So, you’ve decided to get a new puppy – congratulations! While it’s a time of love and laughter with your new bundle of fur, it’s also crucial that you prepare your home for their arrival.
Set yourself up for success by safety-proofing your home with these seven steps, or download our eBook Surviving the first 100 days after you bring a puppy home.
1. Take care of electrical wiring
Make sure all power cords around the house are tucked away or taped down so your puppy can’t claw or bite through them. Also think about whether outlet covers would be a worthy investment. Not only will this protect your puppy from potential electrocution, but it could save you from costly repairs or replacements.
2. Don’t let anything fall!
Could your puppy reach that precious vase and knock it over? What about that wobbly bookcase? If there are unstable objects in your house that could be hazardous, now is the time to fasten them down or secure them somewhere safer – before your puppy accidentally hurts themselves.
3. Toxic plants are a big risk
It’s important to acquaint yourself with the most common toxic plants in Australia. What might be safe for you could cause serious harm to your puppy if ingested – flora like lilies, ivy, aloe vera and lantana, for example. Some plants – such as agapanthus, frangipanis, wandering jew, mulberry trees and eucalyptus trees – can also cause serious skin rashes and dermatitis if your pet comes into physical contact with them. Remove any plants that are toxic to dogs from around your home and garden, so you won’t have to worry about your pup whenever they’re outside.
4. Dangerous substances
There’s nowhere a puppy won’t explore! Dogs ‘test’ things by either licking them or swallowing them, and as you can imagine, this can be quite dangerous and can sometimes result in poisoning. That means you’ll need to store away all medications, cleaning liquids, poisonous chemicals (like weed killer, rodent or snail bait), batteries (or any device containing batteries, including remote controls) and medications in places that your puppy can’t reach or access.
5. Seal away all food
A puppy’s nose is so sensitive that it’ll smell any food from the other end of the house – so make sure you pack away all food and especially keep the dog food (such as dry kibble) somewhere your puppy can’t access.
Puppies are highly prone to digestive upsets with any sudden change of diet. They can also become dangerously ill if they eat some foods, including cooked bones. It’s important to secure all garbage bins to prevent your puppy from digesting undesirable food items like grapes, sultanas, chocolate, onion and garlic – and any other dangerous materials such as string, food wrappings or plastic bags.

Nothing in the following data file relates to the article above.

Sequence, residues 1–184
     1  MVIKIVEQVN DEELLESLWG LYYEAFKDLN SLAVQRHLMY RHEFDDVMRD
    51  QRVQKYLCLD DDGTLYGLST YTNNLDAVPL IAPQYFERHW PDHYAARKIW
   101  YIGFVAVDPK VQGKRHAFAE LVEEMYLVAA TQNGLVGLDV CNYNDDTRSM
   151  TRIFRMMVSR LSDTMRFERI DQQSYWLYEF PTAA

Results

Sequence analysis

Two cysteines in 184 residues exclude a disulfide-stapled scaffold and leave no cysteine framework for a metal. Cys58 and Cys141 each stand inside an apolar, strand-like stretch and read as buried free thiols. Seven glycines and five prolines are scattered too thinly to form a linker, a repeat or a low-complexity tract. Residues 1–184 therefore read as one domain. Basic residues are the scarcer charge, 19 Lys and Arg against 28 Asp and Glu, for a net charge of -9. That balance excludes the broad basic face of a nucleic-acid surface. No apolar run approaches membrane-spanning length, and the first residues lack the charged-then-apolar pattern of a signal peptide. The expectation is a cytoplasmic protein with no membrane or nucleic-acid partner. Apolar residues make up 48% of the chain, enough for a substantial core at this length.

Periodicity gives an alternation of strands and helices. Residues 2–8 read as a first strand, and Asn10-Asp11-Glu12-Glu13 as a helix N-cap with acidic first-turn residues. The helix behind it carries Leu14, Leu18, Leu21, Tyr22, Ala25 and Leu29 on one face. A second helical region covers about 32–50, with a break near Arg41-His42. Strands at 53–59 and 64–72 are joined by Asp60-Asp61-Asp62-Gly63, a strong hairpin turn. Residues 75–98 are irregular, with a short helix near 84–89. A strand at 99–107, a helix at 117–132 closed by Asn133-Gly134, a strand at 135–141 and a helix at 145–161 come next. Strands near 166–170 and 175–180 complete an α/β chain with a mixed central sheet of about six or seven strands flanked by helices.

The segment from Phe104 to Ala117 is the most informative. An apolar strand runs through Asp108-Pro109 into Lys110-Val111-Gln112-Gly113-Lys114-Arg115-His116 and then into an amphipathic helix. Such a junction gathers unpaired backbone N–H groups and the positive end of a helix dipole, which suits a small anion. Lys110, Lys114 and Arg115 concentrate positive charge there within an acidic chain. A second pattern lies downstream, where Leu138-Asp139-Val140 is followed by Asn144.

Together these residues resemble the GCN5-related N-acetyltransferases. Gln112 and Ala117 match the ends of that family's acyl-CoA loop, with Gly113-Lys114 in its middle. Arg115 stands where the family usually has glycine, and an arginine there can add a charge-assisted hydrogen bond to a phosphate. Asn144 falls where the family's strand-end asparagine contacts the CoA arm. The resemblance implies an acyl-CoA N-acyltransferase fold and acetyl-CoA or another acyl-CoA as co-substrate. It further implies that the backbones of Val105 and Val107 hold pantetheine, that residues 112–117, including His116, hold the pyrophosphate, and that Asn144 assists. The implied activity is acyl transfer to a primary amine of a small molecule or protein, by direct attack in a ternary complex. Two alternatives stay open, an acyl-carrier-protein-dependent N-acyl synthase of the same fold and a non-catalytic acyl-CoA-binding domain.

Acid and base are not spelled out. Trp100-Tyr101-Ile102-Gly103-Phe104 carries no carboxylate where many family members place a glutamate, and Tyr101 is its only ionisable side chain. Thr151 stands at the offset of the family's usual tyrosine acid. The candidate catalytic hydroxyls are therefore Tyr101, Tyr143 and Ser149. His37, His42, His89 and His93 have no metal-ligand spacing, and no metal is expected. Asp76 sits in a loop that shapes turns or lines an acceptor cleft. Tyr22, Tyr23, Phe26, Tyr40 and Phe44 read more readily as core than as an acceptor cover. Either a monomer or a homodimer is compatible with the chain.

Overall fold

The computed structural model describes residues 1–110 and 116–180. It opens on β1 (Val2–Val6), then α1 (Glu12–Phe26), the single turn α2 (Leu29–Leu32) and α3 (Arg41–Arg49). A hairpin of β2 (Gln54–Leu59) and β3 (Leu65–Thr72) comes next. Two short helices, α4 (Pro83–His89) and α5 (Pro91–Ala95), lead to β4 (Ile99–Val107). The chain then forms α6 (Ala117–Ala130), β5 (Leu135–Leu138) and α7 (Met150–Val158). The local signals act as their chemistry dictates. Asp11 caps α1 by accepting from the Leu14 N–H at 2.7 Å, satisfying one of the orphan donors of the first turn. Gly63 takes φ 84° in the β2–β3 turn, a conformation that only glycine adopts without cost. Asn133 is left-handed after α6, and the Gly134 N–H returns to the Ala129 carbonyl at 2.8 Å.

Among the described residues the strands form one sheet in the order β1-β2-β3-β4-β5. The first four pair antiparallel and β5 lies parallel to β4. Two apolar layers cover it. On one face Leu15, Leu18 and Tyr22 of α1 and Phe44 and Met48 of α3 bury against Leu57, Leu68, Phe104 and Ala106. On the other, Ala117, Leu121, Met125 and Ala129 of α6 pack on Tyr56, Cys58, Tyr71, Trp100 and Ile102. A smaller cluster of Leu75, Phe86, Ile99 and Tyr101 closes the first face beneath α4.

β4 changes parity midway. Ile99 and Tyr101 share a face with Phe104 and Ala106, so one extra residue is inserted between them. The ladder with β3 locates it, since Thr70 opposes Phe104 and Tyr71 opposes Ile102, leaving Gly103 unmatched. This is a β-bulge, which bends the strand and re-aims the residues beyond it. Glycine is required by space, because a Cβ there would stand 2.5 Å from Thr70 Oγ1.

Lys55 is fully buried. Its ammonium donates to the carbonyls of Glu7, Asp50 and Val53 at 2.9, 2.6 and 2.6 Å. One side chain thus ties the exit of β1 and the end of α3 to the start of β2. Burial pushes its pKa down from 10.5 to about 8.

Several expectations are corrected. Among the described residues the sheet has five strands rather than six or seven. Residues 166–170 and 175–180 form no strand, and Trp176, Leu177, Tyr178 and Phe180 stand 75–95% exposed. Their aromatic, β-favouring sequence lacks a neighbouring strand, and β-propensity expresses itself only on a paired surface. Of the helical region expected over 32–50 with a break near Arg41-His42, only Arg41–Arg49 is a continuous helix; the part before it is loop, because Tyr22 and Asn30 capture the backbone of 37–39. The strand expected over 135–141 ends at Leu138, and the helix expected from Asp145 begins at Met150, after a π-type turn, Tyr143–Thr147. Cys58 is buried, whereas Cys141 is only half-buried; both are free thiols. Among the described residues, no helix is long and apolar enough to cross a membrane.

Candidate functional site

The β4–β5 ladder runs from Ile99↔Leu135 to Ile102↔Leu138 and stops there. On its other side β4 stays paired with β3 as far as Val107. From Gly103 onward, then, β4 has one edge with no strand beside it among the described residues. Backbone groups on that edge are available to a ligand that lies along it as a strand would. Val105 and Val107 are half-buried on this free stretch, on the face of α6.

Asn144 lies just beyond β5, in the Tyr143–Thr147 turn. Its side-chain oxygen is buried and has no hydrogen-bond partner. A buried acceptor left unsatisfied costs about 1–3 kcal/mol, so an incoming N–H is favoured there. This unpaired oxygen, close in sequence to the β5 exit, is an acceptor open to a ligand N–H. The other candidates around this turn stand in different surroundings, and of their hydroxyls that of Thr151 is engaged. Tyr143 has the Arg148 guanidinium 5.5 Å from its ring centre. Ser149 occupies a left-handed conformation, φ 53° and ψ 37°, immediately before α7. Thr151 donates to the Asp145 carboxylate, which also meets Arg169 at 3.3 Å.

6. Curtain tangles
If your home has curtains, puppies can wreak havoc on them when untrained. They might claw or chew at the fabric, and if they are strong they might even be able to tear them completely off the curtain rod. This can lead to injury if your puppy becomes tangled in the curtains or, if your puppy ingests them, they could suffer from intestinal obstruction, strangulation or perforation. Tie up all curtains when not in use and keep curtain cords out of reach of prying puppies.
7. Choking hazards
If you’ve had children, you’ll already know how dangerous small objects can be when ingested. So, treat your puppy in much the same way by storing away any potential choking hazards from around your home. These could include things like toy cars, loose change, tissues and other objects that could cause serious harm if your puppy swallowed them. Some pet toys are even a risk, such as soft toys with plastic eyes or noses that a puppy could chew off. That’s why it’s important to choose your pet toys wisely – visit your local pet store to see a wide range of toys, from tough-chew toys to tug-of-war ropes, balls, frisbees and more.
You may not be able to keep an eye on your inquisitive puppy 24/7, but you can protect yourself financially should they become ill or get injured. To find out more about how pet insurance can give you peace of mind, request a call back on 1300 881 492 or get a quote and buy online today.
Download Surviving the first 100 days after you bring a puppy home [eBook]
28 Oct 2019